Natural Sightings #603 - Egg-laying Common Green Darners.jpg

Common Green Darner dragonflies lay eggs in a pond.

Cheryl Sigler took this photo of a pair of Common Green Darner dragonflies as they were laying eggs in a pond at her parents' property in Bear Valley Springs.

Cheryl was recently visiting her parents, Dan and Cynthia, at their home in BVS, and she said that the summer dry conditions lowered the water level of their pond, creating an ideal habitat for dragonflies to lay their eggs.

Common Green Darners (Anax junius) are the only darner dragonflies to lay eggs in tandem. Here's what happens in dragonfly mating: males have pinchers at the end of their abdomen, and these fit into special grooves behind the females' head.

Males first place semen into a special pouch under their thorax, where the skinny part of their tail (abdomen) starts. The male then searches for a female, and if he finds a receptive one, she lands and he grasps her behind the head with the pinchers on the end of his tail, and they fly off together. No mating yet.

They eventually land again, and actual mating takes place when the female curls her abdomen forward underneath her body and reaches the tip of her tail up to the male's thorax pouch. This forms a heart shape of the two joined dragonflies, known as a "mating wheel."

With her eggs now fertilized, the female wants to lay eggs. In the case of Common Green Darners, the male stays attached to prevent rival males from interfering and potentially fertilizing the eggs themselves.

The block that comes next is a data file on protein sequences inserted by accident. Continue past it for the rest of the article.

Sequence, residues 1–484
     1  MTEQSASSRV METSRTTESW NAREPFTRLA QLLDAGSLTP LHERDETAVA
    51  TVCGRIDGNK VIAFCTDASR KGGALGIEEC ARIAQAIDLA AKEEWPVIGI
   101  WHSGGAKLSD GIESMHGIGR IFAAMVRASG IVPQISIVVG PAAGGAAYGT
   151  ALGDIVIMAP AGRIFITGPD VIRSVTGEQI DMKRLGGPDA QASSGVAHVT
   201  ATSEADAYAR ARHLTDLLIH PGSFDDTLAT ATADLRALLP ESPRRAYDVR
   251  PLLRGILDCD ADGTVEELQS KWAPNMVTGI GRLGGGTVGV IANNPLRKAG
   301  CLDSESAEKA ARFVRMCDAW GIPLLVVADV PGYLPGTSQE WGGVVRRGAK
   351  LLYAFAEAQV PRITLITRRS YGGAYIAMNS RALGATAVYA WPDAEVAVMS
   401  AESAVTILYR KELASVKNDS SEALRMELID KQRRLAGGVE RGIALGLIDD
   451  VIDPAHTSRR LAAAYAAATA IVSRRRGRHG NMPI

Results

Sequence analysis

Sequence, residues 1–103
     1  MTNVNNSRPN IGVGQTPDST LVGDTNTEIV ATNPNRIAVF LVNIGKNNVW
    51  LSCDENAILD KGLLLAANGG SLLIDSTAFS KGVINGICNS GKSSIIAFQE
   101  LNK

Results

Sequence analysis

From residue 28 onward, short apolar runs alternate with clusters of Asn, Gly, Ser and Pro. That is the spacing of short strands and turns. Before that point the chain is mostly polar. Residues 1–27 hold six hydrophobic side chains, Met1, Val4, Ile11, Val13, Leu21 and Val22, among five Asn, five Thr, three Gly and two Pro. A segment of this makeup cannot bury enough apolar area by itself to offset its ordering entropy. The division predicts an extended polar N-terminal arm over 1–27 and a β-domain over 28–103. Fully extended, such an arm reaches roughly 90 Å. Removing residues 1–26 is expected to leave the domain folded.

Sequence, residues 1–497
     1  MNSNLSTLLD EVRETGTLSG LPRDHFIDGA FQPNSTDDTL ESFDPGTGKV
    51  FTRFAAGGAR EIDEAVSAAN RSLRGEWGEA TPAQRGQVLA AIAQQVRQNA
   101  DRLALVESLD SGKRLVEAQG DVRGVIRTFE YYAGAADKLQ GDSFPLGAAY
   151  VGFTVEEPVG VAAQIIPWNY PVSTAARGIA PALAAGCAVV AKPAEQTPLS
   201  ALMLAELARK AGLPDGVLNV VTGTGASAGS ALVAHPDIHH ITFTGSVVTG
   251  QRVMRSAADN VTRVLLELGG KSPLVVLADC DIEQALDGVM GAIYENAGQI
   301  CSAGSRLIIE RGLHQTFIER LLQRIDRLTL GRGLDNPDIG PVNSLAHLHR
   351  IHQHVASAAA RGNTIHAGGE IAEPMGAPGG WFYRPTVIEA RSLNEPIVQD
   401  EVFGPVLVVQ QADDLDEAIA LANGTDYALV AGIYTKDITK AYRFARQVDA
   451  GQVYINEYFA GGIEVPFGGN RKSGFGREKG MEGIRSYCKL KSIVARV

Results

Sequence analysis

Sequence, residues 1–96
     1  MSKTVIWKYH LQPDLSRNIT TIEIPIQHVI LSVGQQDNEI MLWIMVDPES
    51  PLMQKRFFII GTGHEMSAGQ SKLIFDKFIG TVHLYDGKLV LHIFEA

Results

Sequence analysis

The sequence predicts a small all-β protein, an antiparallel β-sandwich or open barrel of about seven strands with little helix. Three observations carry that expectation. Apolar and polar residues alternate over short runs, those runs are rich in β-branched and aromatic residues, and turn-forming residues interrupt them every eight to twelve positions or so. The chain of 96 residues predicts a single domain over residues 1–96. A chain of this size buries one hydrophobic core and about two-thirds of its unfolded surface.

The female, with the male still attached, lays her eggs in a pond. The young will hatch and spend most of their lives as voracious little water dragons, eating mosquito larvae and other aquatic creatures.

The Nuwä (Kawaiisu or Paiute) word for dragonfly is kazabinoozi, pronounced kah-zah-bi-NO-zee.

NATURAL SIGHTINGS is a regular feature of the Tehachapi News edited by Jon Hammond which showcases photos of the natural beauty that enhances the quality of life in Tehachapi. If you have a good quality image of plants, animals, insects, trees, birds, weather phenomena, etc., taken in the Tehachapi area, you may submit it to the Tehachapi News for possible publication. Submissions can be dropped by the News office in the form of a print or CD, or sent by email to:

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